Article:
The parallels between the Victorian Internet and the present computerised internet are remarkable. Information about current events became relatively instantaneous (relative, that is, to the usual weeks or months that it once took to receive such information). There were skeptics who were convinced that this new mode of communication was a passing phase that would never take on (and, in a strict sense, they were right, not of course realising that the demise of the telegraph system was not due to the reinvigoration of written correspondence but due to that new invention, the telephone). There were hackers, people who tried to disrupt communications, those who tried to get on-line free illegally, and, near the end of the high age of telegraphing, a noticeable slow-down in information due to information overload (how long is this page going to take to download?? isn't such a new feeling after all).
The most interesting chapter to me is that entitled 'Love over the Wires' which begins with an account of an on-line wedding, with the bride in Boston and the groom in New York. This event was reported in a small book, Anecdotes of the Telegraph, published in London in 1848, which stated that this was 'a story which throws into the shade all the feats that have been performed by our British telegraph.
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Format: Hardcover Verified Purchase
The story of the development of the telegraph, written to be easy to understand. Enough for most people, and a good overview.

also look at "A thread across the ocean, the heroic story of the transatlantic cable" by John GORDON
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Format: Hardcover
This book is well written and enjoyable to read. The comparisons between the development of telegraph and the world wide web are well made and are sometimes spooky - the arguments presented by Western Union about why their near monopoly of the US telegraph was healthy seem uncannily like the arguments presented by a similiar monopoly today.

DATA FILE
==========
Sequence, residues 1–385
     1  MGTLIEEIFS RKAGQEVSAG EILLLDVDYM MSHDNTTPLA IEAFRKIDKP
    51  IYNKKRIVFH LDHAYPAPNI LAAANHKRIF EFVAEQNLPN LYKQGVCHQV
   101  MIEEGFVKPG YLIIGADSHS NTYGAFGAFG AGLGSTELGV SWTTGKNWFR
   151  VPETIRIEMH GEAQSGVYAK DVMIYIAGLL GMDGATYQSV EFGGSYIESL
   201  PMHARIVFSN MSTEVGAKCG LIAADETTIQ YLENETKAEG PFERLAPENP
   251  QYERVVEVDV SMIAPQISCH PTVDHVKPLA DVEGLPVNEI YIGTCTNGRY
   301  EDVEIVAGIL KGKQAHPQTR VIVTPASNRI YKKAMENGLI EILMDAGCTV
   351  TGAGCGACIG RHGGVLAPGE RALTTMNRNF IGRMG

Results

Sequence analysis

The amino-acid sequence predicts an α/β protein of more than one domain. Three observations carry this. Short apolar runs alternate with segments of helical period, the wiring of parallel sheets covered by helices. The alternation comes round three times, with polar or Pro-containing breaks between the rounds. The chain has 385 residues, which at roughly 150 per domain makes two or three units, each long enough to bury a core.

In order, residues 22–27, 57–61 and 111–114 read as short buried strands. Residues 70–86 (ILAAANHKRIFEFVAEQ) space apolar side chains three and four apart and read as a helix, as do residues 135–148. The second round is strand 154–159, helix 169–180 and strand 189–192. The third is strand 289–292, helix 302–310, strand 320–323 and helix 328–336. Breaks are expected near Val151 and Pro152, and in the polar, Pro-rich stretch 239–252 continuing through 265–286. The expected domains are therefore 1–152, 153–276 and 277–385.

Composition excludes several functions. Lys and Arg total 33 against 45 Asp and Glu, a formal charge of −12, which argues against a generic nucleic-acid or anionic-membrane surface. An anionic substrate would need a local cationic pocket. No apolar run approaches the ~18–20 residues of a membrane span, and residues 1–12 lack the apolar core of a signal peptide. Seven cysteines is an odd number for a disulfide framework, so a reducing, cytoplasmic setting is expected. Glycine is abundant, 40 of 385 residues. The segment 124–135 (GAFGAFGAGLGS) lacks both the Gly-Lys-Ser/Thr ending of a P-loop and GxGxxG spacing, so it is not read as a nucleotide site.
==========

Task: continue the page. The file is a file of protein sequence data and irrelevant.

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Format: Hardcover Verified Purchase
Standage tells the story of the telegraph in this delightful short book. It opens with a chapter on the 'optical telegraph' - the signalling system based on a network of mutually visible towers which flourished particulaly in France. After this, it traces the decisive step made by Morse, Cooke and Wheatstone in harnessing electricity to convey messages. There are fascinating chapters on the sceptics who doubted the value of the new technology; the problems of inter-continental cable laying; alternative messaging techniques such as capsules shot through tubes with compressed air; the use of the electric telegraph by criminals as well as the police; online telegraphic romance; the hopes that instant communication would lead to international conflict resolution; and the growing realisation that in fact it was an invaluable military techonology.

Finally telegraphy is over-taken by telephony, which allows a greater rapidly of communication and requires no intermediaries. The book closes with some thought-provoking remarks as to how new and revolutionary the Internet really is.

Throughout the material is admirably selected and the writing witty and clear. It is also a self-effacing book: as far as could be seen, the word 'I' (in the sense of 'Tom Standage') appears exactly once - in the acknowledgements section. Strongly recommended. His book on planetary discovery (The Neptune File) is also superb.